Emily Bayless Project #77-Puerco a la Mexicana

I have a list of things I want to do. One of them is to cook every recipe in a cookbook so I’m working my way through Rick Bayless’ Everyday Mexican. I’ve eaten a lot of good stuff. This series is the record of those adventures. Puerco a la Mexicana: Pork Tenderloin a la Mexicana

This dish will always bring me great memories. It was homey and comforting on a late fall night: full of fire-roasted tomatos, roasted poblano chiles, savory pork and sweet onions. As usual though the dish wasn't overly important, it's just a tool to set the stage for special times with the people you love.

We cooked this dish for Elian's godparents the night of his baptism's rehearsal/anointing. The anointing is a special service for the parents and godparents in which the child is blessed with holy oil. Elian is not known for his sedate, retiring personality but on the night of his anointing he suddenly turned into a small adult, wise beyond his years. He sat next to me politely singing along and when it was his turn to be blessed he smiled seriously at Sister Peggy who rubbed oil on his chest and forehead. After he had been anointed he turned to me, touched his chest and made the sign of the cross on my forehead. Satisfied with his work he hopped off his chair and I watched his little hands repeat the process with his godparents and father.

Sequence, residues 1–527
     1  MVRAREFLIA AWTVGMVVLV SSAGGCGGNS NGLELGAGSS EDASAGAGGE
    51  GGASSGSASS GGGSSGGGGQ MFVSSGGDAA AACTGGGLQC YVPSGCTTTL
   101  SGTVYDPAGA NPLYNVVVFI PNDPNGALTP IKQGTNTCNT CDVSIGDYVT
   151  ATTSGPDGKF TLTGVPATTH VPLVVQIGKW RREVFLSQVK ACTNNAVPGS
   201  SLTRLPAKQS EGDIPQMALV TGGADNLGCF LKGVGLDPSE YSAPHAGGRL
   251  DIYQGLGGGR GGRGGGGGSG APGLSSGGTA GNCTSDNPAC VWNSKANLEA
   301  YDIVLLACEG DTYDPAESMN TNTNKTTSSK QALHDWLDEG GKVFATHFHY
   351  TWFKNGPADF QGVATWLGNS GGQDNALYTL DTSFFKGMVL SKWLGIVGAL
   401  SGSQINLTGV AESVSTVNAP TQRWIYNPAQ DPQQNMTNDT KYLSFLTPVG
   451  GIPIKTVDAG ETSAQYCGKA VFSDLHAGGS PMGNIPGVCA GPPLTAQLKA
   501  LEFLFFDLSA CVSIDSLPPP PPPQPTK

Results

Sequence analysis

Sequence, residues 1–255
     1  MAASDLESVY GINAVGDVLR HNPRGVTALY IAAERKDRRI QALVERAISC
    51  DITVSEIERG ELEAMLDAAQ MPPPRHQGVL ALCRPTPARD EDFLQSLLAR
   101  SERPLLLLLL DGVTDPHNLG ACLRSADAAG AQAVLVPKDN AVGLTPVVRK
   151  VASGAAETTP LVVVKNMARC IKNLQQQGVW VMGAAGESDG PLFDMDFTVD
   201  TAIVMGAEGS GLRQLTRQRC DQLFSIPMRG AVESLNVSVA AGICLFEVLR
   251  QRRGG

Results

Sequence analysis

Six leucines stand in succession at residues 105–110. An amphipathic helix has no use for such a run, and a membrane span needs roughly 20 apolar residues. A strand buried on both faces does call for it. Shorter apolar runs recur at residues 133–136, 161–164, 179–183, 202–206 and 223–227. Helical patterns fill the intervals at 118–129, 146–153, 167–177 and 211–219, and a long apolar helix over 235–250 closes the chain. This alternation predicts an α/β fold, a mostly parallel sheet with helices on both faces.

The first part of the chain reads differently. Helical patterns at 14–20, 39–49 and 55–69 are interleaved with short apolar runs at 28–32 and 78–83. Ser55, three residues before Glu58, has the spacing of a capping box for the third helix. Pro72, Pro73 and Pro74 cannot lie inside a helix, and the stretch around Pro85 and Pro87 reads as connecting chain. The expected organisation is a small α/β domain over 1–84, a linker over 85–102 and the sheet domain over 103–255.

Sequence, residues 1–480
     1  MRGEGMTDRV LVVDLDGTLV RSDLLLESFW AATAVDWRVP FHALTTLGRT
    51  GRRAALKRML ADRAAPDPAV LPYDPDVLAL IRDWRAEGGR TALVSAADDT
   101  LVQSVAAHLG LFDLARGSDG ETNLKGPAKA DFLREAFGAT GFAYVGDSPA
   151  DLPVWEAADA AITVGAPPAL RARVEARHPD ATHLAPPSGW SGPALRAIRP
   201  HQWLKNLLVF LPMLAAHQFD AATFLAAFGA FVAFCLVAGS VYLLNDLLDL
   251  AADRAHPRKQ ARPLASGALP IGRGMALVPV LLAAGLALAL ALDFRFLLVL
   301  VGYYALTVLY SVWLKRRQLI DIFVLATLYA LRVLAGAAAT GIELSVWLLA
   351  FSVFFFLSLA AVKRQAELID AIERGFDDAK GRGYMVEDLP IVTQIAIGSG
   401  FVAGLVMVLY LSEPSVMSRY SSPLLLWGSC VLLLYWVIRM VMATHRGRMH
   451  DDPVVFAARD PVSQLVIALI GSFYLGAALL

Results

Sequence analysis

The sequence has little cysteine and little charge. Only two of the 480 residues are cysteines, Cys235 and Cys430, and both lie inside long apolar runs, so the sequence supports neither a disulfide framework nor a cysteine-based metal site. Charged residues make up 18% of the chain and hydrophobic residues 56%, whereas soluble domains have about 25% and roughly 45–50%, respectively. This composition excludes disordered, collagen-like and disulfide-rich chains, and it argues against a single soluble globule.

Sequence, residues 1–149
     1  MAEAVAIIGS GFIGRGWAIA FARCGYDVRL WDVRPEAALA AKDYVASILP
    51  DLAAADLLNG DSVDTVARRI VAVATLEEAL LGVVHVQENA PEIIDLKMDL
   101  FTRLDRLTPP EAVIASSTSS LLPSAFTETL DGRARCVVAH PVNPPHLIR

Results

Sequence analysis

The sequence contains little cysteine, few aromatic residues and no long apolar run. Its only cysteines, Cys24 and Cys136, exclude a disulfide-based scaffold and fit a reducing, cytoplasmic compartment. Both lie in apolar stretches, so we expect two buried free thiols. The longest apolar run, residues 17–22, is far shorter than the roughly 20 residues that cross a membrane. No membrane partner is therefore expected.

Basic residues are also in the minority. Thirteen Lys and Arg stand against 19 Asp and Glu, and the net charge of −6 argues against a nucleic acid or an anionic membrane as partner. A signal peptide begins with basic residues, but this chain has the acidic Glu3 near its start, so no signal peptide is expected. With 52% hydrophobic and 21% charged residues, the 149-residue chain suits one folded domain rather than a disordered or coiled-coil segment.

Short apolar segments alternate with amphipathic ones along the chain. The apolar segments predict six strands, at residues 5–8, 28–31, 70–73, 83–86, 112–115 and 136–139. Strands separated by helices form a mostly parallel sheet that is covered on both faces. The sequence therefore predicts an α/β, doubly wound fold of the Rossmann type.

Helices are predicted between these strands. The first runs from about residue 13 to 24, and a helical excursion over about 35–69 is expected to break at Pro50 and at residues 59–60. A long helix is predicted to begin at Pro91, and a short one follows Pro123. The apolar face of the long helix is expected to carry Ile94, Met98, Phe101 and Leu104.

Like so many good memories, the night began with a shared meal, but when ever I eat this dish I'll think of the time spent with friends who generously offered to stand with us at the altar and commit to love our child as Jesus did. I'll think of how we all attended his blessing together and remember how our son impulsively blessed us back. I'll think of his tiny fingers, fragrant with blessed oil crossing their heads with far more authority than any toddler should posses. It's a lot of memories for one little dish to bear, but this dish is a classic, rich and comforting, just like being with the ones you love.

Posted on December 21, 2011 and filed under Emily Bayless Project 2011, Project EAT.